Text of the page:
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Top 10 Foods High In Protein

Every day people are becoming more and more aware of their diets and what they should and should not be putting in their bodies in order to be healthy. One huge element of the diet is protein, and while protein is great for you, what many don’t realise is the importance of eating both the right amount and right kind of protein.

At PledgeSports, we are not only experts in helping athletes, teams and people from the sporting world raise money through sports crowdfunding, but as athletes ourselves we acknowledge the importance of foods high in protein that can keep our bodies going.

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So, we’ve compiled a list of the top 10 foods high in protein so you can ensure your body is really getting what it needs.

Fish & Seafood

Fish and seafood are good foods high in protein and typically low in fat. While slightly higher in fat than other varieties of fish, salmon, in particular, is bursting with heart-healthy omega-3 fatty acids which can reduce joint stiffness and inflammation.

Salmon is also a Superfood – you can get the Top 10 of those here

Lean Beef

Eat-lean-meat-say-US-dietary-guidelines_strict_xxlUsing 10% fat ground beef provides just the right amount of fat so your burgers or bolognese won’t taste like cardboard. Beyond a truckload of protein (20g per serving), this red meat is also a good source of the almighty creatine.

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If you have some cash to spare, you can also dabble in steak. Leaner cuts of steak provide a fantastic 1 g of protein for every 7 calories; rib eye, on the other hand, delivers roughly 1 g of protein for every 11 calories.

White-Meat Poultry (Skinless)

When it comes to animal protein, opt for lean protein from white meat poultry such as chicken and turkey. There are few sources of protein any better than poultry, with 95g-100g giving you roughly 20g of top-notch protein.

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It’s also easy to include in your dinner or snacks, so no excuses!

Eggs

SONY DSCA medium egg has around 6g of protein, and better yet, the protein is in an easily digestible form. If you’re stuck for ideas when it comes to breakfast or a post-exercise snack, cook up some scrambled eggs or an omelette and they’ll help you get the protein you need.

A word of warning, if you eat a lot of eggs it may be best to limit the number of egg yolks you consume and instead eat mainly just the egg whites as the yolk can impact your cholesterol.

Low-Fat Yoghurt

A combination of casein and whey protein, yoghurt is one of those foods high in protein and full of the right nutrients for your body. Since most of the lactose is removed, it can also work for most people who are lactose intolerant.

Add some yoghurt to your porridge for some extra fuel in the morning – it’s guaranteed to keep you going through to lunch.

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Beans & Lentils

Lentils-and-BeansThese are great, value-for-money foods high in protein. Beans and pulses are also a good source of iron and fibre.

Take kidney beans, chick peas, quinoa and lentils, for example – each of these is protein-rich, eating between 200g and 300g will give your body 20g of protein.

Lean Pork

High-quality proteins also contain branched-chain amino acids (BCAAs), which are key in supporting muscle recovery. Leucine, in particular, makes up one-third of muscle protein and helps to stimulate repair after exercise.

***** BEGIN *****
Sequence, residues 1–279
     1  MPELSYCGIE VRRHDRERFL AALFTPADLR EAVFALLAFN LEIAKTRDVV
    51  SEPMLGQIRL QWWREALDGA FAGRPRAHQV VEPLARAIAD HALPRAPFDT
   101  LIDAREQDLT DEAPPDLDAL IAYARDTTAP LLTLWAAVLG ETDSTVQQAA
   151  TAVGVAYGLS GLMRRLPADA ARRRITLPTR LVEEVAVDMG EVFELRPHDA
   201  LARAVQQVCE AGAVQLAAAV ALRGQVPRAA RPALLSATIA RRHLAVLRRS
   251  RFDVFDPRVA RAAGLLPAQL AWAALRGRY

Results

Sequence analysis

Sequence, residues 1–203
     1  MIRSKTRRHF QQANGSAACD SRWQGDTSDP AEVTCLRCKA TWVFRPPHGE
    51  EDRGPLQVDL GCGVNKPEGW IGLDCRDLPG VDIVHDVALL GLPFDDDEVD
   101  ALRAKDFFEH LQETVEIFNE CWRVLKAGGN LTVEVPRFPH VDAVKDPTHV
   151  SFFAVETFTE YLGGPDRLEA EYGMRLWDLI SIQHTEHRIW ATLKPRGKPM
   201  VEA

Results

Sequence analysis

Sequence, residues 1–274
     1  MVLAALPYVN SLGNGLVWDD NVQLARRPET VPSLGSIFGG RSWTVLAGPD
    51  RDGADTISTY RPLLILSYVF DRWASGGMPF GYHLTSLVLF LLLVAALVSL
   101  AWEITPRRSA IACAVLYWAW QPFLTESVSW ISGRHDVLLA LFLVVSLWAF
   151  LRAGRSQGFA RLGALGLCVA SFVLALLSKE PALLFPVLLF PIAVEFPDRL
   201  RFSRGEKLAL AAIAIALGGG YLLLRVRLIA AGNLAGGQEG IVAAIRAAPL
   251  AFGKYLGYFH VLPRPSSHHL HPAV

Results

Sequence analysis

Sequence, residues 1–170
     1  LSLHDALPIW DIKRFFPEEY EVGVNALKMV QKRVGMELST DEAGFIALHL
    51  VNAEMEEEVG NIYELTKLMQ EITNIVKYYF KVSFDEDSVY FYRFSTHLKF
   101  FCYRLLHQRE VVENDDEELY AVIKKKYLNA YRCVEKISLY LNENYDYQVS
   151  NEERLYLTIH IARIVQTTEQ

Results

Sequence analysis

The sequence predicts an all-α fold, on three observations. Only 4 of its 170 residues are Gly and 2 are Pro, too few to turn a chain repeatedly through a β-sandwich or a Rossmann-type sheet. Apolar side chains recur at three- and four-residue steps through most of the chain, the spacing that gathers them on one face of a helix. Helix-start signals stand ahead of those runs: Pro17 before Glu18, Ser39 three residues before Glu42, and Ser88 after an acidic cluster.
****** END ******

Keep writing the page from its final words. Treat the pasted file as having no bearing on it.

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Pork is one of the richest sources of leucine and therefore a great addition to a post-exercise meal or snack.

Low-Fat Cottage & Swiss Cheese

487426546_XSCottage cheese is laced with casein protein—a slow-digesting protein that supplies your growing muscles with a steady supply of vital amino acids.

It’s an incredible snack, especially before bedtime. Beware, however, that the sodium content of cottage cheese can be on the high side, so ensure you compare ingredients on different brands before buying.

If you have some cash to spare you can play lightning link pokies after dabbling in a steak!

Ounce for ounce, Swiss cheese provides more protein than other commonly available varieties in the supermarket, making it a muscle-friendly option for your sandwiches and burgers. Low-fat versions have a protein-to-fat ratio of around 8-to-1.

Pistachio Nuts

Nuts such as pistachios are a practical protein choice if you’re on the move. Roughly 50 pistachio nuts will provide 6g of protein (the same as 1 medium egg), plus sodium and potassium, the electrolytes lost in sweat during exercise.

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An added bonus of pistachios is you can also add them to stuff like yoghurt, porridge, smoothies or savoury meals like rice and couscous.

Low-Fat Milk

12_milkDairy foods are packed with protein and contain bone-building calcium, too. Chocolate milk is the age-old recovery food after exercise since it contains energy-replenishing carbohydrates and a blend of both slow and fast release whey and casein proteins.

Vegan or vegetarian? Check out the best sources of plant protein here

You can get the same recovery-boosting effects from a milk-based fruit smoothie. Easy to make, easy to digest, and a sure-fire way to get the right protein.

 

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Are you or someone you know raising money for sport ? If so, get in touch with us via info@pledgesports.org, or visit www.pledgesports.org and hit “Create A Campaign” to start raising money today!

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